Racing: Tregoning warns Sir Percy may have to miss Guineas

You can no sooner hurry a racehorse than a reluctant daffodil, and Marcus Tregoning yesterday cautioned against assumptions that the leading British candidate will bloom in time for the first classic of the new Flat season. Sir Percy is as short as 6-1 to see off the Irish in the Stan James 2,000 Guineas at Newmarket on 6 May, but yesterday his trainer revealed the unbeaten colt to be walking something of a highwire.

"We do need everything to go smoothly," Tregoning said. "He was held up over New Year, when he pulled a shoe off quite badly and made a nasty mess of his foot. We had to wait a while for that to clear up, and we could not afford another stop of any kind now. I wouldn't think the cold snap has done any trainers much good. At least we have had some rain, which means we can get him on the grass and ask him to do a bit more over the next week or so. In fairness, Martin Dwyer has ridden him in his last three bits of work and he is being very positive. We've a bit of time to go - but any stops would make things difficult."

Tregoning is now pondering whether to give the colt an unscheduled trial in the Dubai Duty Free Greenham Stakes at Newbury on 22 April. Over the next couple of weeks he must decide whether the colt is so backward that only a race will get him to the classic, or conversely whether it might knock him off course. Either way, the public will be given a chance to make their own judgement at that meeting.

"I suppose it's more likely that we will give him a piece of work there," he said.

"But he wouldn't have a penalty in the Greenham, and he's the sort of colt you wouldn't want to risk being too fresh for the Guineas. He gets a bit keyed up out at exercise and, in a way, that's a help, because an active horse is easier to get fit. He was on edge before the Dewhurst, and that didn't seem to affect his performance at all, but he would have to get through a parade before the Guineas. Having said that, the last thing you would want to do is risk flattening him in a trial." His experience with Nayef five years ago will certainly discourage Tregoning from pushing Sir Percy too hard. Though he ultimately proved top-class, Nayef was slow to come to hand and was narrowly beaten in the Craven Stakes before disappointing in the Guineas. During his days with Dick Hern, equally, Tregoning witnessed at first hand the type of work Nashwan put in prior to winning the classic first time out.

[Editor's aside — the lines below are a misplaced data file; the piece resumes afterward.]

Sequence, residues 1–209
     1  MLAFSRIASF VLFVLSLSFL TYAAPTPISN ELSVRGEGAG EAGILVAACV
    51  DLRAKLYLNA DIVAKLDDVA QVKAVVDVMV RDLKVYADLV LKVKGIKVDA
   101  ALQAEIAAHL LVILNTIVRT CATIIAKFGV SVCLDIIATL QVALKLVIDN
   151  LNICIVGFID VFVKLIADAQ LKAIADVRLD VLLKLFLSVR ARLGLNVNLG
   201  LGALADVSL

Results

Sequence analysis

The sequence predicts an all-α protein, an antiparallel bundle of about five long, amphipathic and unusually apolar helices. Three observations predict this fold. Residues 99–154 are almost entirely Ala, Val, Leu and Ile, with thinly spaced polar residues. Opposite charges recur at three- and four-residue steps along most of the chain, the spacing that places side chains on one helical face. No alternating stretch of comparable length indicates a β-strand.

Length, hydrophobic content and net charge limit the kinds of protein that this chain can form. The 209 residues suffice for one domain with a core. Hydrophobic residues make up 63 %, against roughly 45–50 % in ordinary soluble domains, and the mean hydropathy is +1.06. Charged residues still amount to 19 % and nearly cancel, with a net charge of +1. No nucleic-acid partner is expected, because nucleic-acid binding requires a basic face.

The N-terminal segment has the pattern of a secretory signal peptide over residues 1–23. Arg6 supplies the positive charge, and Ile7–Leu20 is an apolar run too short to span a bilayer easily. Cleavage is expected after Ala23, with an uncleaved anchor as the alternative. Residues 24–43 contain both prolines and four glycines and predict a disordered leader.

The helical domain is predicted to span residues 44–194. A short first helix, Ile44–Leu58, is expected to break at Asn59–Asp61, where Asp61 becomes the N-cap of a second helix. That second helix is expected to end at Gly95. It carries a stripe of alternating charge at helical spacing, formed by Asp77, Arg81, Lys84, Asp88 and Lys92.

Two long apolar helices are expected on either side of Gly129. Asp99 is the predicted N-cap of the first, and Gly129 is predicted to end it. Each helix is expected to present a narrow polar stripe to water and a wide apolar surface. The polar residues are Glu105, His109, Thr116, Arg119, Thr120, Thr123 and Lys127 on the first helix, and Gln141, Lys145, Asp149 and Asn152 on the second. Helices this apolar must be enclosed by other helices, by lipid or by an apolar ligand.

"Unless one is jumping out at you, you're guessing wildly," he said. "There's a lot of focus on this colt because of his exploits last year. But if he's not there, he's not there."

Tregoning will certainly be doing his utmost to get the Mark Of Esteem colt to the Guineas. Sir Percy is by no means certain to stay the extra half-mile in the Vodafone Derby, and his owners turned down big money offers during the winter.

While Tregoning frets over Sir Percy, there seems to be growing conviction that another unbeaten British colt has wintered particularly well.

Nakheel, impressive winner of a listed race at Pontefract last autumn, has been well backed for the Guineas over the past couple of weeks and Coral yesterday cut his odds again, to 11-1 from 14-1. Mark Johnston intends to send the Sadler's Wells colt straight to Newmarket.

For the time being, of course, the jumpers have yet to hand over the baton and the extra week between the two meetings this year will enable many of the leading players at Cheltenham to run at Aintree next week. But Paul Nicholls said yesterday that Kauto Star, an early faller when favourite for the Queen Mother Champion Chase, will not be among them.

"He was quite bruised and sore after the fall and is not going to be ready," Nicholls said. "If he runs anywhere, he will go for the Betfred Celebration Chase at Sandown on 29 April."

Chris McGrath

Nap: Silverburn

(Wincanton 5.25)

NB: Nazimabad

(Wincanton 2.45)

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<b>Kathryn Williams</b>
When I was supporting Ray La Montagne I was six months pregnant. He had been touring for a year and he was exhausted and full of the cold. I was feeling motherly, so I would leave presents for him and his band: Tunnock's Tea Cakes, cold remedies and proper tea. Ray seemed painfully shy. He hardly spoke, hardly looked at you in the face. I felt like a dick speaking to him, but said "hi" every day. </p>
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I really believe that Louis recognised the music from the tour, and when I gave birth to him at home I played Ray's record as something that he would recognise to come into the world with. </p>
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